It’s often said that if you steal from one person’s work, it’s plagiarism, but if you steal from lots of people it’s “research”. Very droll, but plagiarism is a serious business. As well as being potentially economically damaging to the victim, it is demeaning for the perpetrator – although, like all thieves, they probably don’t realise it.
This is a slightly sensitive topic for me at the moment because Elaine discovered, through using the Plagium website, that one of my articles has been ripped off. Not only does it appear on another website, it has also been attributed to someone else. I have emailed the person in charge of the website to ask them to remove the article immediately. As they haven’t responded, I’ll take it a step further. Once there has been an outcome one way or another I’ll have more to report.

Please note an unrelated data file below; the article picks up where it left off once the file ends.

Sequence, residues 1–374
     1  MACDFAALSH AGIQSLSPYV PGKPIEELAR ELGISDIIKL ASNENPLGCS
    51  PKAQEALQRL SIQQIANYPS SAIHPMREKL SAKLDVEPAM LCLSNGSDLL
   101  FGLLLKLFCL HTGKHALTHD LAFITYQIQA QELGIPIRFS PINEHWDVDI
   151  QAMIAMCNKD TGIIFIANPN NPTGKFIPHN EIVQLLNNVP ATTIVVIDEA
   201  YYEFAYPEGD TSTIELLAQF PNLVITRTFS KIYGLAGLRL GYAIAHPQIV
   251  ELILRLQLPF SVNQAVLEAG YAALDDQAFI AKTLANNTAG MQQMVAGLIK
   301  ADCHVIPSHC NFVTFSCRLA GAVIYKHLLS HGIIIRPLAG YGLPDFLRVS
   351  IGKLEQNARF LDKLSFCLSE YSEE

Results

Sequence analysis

In the meantime, here is an interesting infographic which has some practical information about dealing with plagiarism in education, including online tools that are available.
You may also be interested in a couple of other articles I wrote on this subject:
Three cheers for anti-plagiarism software, in which I reflect on how anti-plagiarism software might have benefitted me when I was a school student.
Is Plagiarism Really a Problem?, in which I wonder aloud whether plagiarism is really a problem in the light of some research findings reported in the press.
Anyway, here’s that infographic:
Find more education infographics on e-Learning Infographics